From the New York Times: "I know I look like a man. I know I sound like a man and maybe even walk like a man and dress like one, too. But I’m not a man; I’m a woman. Playing sports and having muscles and a deep voice make me less feminine, yes. I’m a different kind of woman, I know, but I’m still a woman. I began running competitively as a teenager in South Africa, and by age 18 I was competing on the international stage. In 2009, as I prepared to run in the Berlin World Championships, athletic authorities sent me for some medical testing. Because of my looks, there had been speculation from my fellow athletes, sports officials, the media and fans that I was not what I said I was."
Vladimir Nabokov's fame is thanks in large part to the work of his wife Vera
From Stacy Schiff for The New Yorker: "Vladimir Nabokov was famous at Cornell, where he taught between 1948 and 1959, for a number of reasons. None had anything to do with the literature; few people knew what he had written, and even fewer had read his work. Tearing Dostoyevski to shreds in front of two hundred undergraduates made an impression, as did the pronouncement that good books should not make us think but make us shiver. The fame derived in part, too, from the fact that the professor did not come to class alone. He arrived on campus driven by Mrs. Nabokov, he crossed campus with Mrs. Nabokov, and he occasionally appeared in class on the arm of Mrs. Nabokov, who carried his books. In fact, the man who spoke so often of his own isolation was one of the most accompanied loners of all time."
Solitary confinement was an improvement over older methods of punishment
From Jane Brox for Public Domain Review: "The idea of the solitary cell as an integral part of the American prison system arose during the Early Republic, the specific vision of Philadelphia physician and Founding Father Benjamin Rush, who advocated for time in solitude and silence — the active, searching silence of Quakerism — as an alternative to the bodily pain, injury, and humiliation of public hangings and whippings. He saw it as a means not only of punishment but of reformation for housebreakers, forgers, highway robbers, horse thieves, and even murderers, and his vision of justice eventually led to the construction of the world’s first penitentiary, Eastern State."
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Scientists say glass is closer to being a liquid than it is to a solid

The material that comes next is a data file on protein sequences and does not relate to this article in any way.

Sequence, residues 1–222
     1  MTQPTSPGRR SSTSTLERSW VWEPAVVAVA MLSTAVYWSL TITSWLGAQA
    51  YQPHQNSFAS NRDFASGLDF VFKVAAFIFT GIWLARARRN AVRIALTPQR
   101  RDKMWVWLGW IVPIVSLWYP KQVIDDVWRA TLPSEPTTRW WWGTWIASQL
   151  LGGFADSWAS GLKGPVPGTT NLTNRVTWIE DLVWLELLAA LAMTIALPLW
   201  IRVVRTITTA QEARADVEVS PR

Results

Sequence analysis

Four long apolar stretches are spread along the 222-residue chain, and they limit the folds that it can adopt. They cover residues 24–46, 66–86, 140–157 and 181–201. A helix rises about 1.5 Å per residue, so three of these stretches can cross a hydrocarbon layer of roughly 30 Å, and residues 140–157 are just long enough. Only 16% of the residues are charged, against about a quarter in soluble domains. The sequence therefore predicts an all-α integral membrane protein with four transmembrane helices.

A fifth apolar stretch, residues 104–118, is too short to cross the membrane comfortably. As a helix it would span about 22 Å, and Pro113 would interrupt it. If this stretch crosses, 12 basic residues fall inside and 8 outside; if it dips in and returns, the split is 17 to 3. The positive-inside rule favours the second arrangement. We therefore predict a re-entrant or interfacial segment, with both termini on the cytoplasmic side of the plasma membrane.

From Brian Resnick for Vox: "If you go to a church that’s hundreds of years old and look at the glass windows, you’ll find that the panes are thicker at the bottom of the frame than at the top. That’s because, according to lore, glass is actually a liquid, just one that flows very slowly. This is a myth. The thickness of glass at the base can be explained by how glass panes were manufactured in the olden days, by spinning a glass form into a flat disc. But the myth also does not do glass justice. Glass is so much weirder than a very slow-moving liquid. In fact, scientists still have deep questions about what it fundamentally is."
The humble tomato was feared and reviled for hundreds of years
From Annabelle Smith at The Smithsonian: "In the late 1700s, a large percentage of Europeans feared the tomato. A nickname for the fruit was the “poison apple” because it was thought that aristocrats got sick and died after eating them, but the truth of the matter was that wealthy Europeans used pewter plates, which were high in lead content. Because tomatoes are so high in acidity, when placed on this particular tableware, the fruit would leach lead from the plate, resulting in many deaths from lead poisoning. But that wasn't the only reason people feared the tomato. It was also classified as part of the deadly nightshade family, plants that contain toxins called tropane alkaloids."
When mental illness produces outsider art
From Futility Closet: "After several delusional episodes, seamstress Agnes Richter was institutionalized at the University of Heidelberg Psychiatric Clinic in 1893, at age 49. While performing the needlework expected of female patients, she sewed a diary of sorts into a remarkable jacket pieced together of wool and linen. “Writing” in a now-obsolete German script, she recorded brief, enigmatic expressions reflecting life in a psychiatric hospital: I wish to read, I am not big, I plunge headlong into disaster. Her laundry number, 583, appears several times, apparently to ensure that the jacket was not lost during cleaning. Another patient, Mary Lieb, institutionalized periodically at Heidelberg for mania, would sometimes decorate the floors of various rooms with patterns of cloth strips."